Student Commencement Speaker Wants to Celebrate Resilience of Class of '21
'We have grown and learned how to communicate and band together as a community. I wanted to really celebrate what we’ve gone through, and motivate us to face what is coming next,' says Shannon DeFranza '21, human rights advocate and National Vice President Elect of the American Institute of Architecture Students.
BRISTOL, R.I. – We spoke with 2021 Student Commencement Speaker Shannon DeFranza '21, an Architecture major from Oceanside, N.Y., while she was painting a watercolor of one of her favorite RWU memories: the sunrise as seen from the Sailing Center.
“The tiny little moments that don’t seem that significant are probably the moments I will remember most after I graduate,” said DeFranza. “All those little things, like going to the Sailing Center to see the sunrise with your friends after you’ve worked all night.”
DeFranza’s small, meaningful moments added up to a robust college experience, full of connection and involvement.
DeFranza recently posted an installation in the COVID testing center supporting imprisoned scholar Ahmadreza Djalai as part of her participation in Scholars In Prison RWU, a collaboration between the RWU Advocacy Seminar and Scholars at Risk on behalf of imprisoned or detained scholars worldwide. She used architectural design principles to place tickers and posters about Djalai in the space, considering how people use the space and where they are most likely to look.
“We've had more people follow our Instagram to keep up with what we’ve been doing to support imprisoned scholars now that the installation is up,” said DeFranza.
She participated in the Hawkettes Dance Team and Dance Club since her first year at RWU, finding the support of a team and an outlet for her passion for dance. She was one of the student coordinators for the Sustainability Capstone Class at the 2021 Student Academics and Honors Showcase, and contributed to strategic planning for sustainability on campus.
After graduation, DeFranza will continue her involvement with the American Institute of Architecture Students (AIAS,) which she joined as a freshman. While at RWU, DeFranza sat on the Board of Directors for the AIAS as the Northeast Quadrant Director, and was elected to be the next National Vice President of the nonprofit. She will travel to Washington, D.C., to carry out this role.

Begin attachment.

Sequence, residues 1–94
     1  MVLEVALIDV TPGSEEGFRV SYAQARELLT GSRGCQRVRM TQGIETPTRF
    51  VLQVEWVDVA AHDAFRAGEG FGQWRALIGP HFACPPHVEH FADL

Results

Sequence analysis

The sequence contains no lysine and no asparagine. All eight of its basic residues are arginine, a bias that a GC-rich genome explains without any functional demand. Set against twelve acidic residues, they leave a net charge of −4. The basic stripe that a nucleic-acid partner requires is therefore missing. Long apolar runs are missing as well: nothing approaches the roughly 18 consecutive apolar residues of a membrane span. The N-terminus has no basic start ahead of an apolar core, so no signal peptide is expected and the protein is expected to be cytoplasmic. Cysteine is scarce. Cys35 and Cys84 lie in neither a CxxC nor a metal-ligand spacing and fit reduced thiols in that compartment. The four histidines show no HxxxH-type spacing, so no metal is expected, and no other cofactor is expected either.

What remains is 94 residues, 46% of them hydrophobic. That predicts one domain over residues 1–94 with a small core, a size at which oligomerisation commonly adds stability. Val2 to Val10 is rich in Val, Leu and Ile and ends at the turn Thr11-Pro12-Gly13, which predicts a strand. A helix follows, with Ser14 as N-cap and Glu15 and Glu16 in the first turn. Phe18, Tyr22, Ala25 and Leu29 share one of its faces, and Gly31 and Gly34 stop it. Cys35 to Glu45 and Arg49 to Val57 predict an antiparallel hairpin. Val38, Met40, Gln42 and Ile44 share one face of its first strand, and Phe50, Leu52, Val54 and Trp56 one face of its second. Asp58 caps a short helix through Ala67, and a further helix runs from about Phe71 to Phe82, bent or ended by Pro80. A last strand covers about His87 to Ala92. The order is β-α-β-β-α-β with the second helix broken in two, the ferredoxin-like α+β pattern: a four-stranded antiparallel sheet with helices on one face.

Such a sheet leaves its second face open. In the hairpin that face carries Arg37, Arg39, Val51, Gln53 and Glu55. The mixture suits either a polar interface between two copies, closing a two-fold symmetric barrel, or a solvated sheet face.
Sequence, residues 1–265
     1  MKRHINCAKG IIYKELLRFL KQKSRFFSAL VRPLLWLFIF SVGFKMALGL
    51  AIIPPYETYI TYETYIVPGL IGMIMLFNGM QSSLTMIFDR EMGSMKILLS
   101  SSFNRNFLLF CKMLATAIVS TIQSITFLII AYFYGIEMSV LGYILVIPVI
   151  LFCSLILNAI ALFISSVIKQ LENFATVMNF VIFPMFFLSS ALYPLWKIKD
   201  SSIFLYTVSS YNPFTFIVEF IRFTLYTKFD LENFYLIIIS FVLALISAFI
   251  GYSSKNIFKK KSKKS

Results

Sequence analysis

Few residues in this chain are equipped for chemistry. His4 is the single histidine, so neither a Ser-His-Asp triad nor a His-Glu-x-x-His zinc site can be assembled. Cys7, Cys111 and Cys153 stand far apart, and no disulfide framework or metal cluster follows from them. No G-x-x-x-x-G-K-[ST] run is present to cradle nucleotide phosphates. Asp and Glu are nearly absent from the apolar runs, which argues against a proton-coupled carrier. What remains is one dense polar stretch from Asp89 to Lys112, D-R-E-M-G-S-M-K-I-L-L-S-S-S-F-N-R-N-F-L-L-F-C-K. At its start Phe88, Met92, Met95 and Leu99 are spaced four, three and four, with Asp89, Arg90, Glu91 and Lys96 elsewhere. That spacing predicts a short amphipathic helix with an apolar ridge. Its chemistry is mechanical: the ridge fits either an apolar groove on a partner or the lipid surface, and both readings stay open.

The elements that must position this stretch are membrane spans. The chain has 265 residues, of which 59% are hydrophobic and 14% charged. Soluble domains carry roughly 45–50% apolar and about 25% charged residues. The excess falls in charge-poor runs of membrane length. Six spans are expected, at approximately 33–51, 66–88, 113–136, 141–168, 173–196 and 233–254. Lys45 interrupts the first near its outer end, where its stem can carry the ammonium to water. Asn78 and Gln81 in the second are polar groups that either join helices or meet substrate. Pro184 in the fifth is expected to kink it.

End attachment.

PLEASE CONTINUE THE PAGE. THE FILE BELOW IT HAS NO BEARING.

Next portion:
“I would really like to thank my family, my friends, and my professors for believing in me, especially when I didn’t believe in myself,” she said.
Defranza shared her thoughts on her time at RWU and her role as the Student Commencement Speaker.
How does it feel to be chosen as the Student Commencement Speaker?
It was honestly very unexpected. John King called me and did a little fake-out. He said, “Oh, well, unfortunately, there’s only one person who can get it, and we had some really great people, but the good news is, it’s you!”
It is quite an honor. I really value having this experience and I’m happy that I was chosen to share some of the messages I have for the class.
What made you want to apply for the role?
I wouldn’t have applied if I didn’t feel I had something to say. I think the experiences that our class has gone through and the resiliency of our class really needs to be highlighted, as well as a lot of the challenges our class will face going into the future.
Our class deserves to be celebrated. We are very resilient. We have grown and learned how to communicate and band together as a community. We followed testing and social distancing guidelines to allow us to have our senior year, either in-person or online. I wanted to really celebrate what we’ve gone through, and motivate us to face what is coming next.
How do you feel about having a COVID-conscious graduation?
I can’t even describe how amazing it felt to see the email that two guests can come to Commencement and be with us. Those guests that each of us are bringing are probably the reason why we even got to this point.
The fact that the school made that possible is really awesome. Everybody wears their mask and goes to the testing center. I think if that wasn’t agreed upon, it would be a much more anxiety-inducing environment on campus. I’m really glad that we don’t have that situation at Roger.
What was your creative process for writing your speech?
I started off with a bunch of ideas and experiences at Roger that made me who I am, and then I started crafting and weaving them all together in a way that made sense. After my first round, I got feedback and was able to really work on the message. My mom is a writing teacher, so she proofread my speech, which was a really nice bonding moment for the two of us. Now, I’m working with my professors on clarity and delivery. I am always supported here and they want me to do my best on this.
I’m recording the speech ... It’s a little weird that I’m not able to give it in person to the class of 2021, but I’m so glad for the opportunity to do all of this.
How did RWU help you grow?
A Liberal Arts education teaches you how to think, not what to think. The critical inquiry that I’ve learned has helped me know how to progress to the next steps in my career. Roger helped me learn how to question the world around me and not just take things at face value, and showed me there is always room for improvement and ways to evolve.
I have great relationships with my professors and I know after graduating I’ll have a strong network to turn to. The pandemic made professors go through a lot, but they jumped into virtual learning with us last spring and made sure we were supported. That support is something significant that Roger has, and I saw it even as a freshman. I didn’t know we would have a pandemic, but the support that I saw available here was really great, and I knew I wanted that in my college career. I can’t thank my professors enough.